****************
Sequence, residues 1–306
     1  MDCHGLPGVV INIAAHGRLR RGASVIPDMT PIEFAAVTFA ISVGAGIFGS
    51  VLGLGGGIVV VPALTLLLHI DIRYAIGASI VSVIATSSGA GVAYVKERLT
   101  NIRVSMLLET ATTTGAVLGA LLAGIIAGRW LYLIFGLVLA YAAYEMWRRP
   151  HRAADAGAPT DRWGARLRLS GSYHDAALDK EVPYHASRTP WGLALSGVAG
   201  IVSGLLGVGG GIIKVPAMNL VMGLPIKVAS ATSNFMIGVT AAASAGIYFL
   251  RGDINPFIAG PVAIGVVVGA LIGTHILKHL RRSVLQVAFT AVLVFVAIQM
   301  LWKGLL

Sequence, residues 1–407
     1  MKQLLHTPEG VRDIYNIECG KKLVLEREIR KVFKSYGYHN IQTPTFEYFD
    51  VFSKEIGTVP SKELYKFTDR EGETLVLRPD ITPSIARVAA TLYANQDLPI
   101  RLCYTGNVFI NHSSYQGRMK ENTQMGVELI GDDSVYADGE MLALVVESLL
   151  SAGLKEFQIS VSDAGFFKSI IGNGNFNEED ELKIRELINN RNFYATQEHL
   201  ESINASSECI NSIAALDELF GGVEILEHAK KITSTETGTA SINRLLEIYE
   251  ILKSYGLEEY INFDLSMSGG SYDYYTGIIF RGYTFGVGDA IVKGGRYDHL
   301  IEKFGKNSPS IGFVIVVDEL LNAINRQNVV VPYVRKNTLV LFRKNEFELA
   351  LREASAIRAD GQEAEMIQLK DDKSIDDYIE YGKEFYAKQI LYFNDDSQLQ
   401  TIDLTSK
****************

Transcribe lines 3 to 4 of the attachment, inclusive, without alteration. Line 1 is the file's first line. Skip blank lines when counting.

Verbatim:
    51  VLGLGGGIVV VPALTLLLHI DIRYAIGASI VSVIATSSGA GVAYVKERLT
   101  NIRVSMLLET ATTTGAVLGA LLAGIIAGRW LYLIFGLVLA YAAYEMWRRP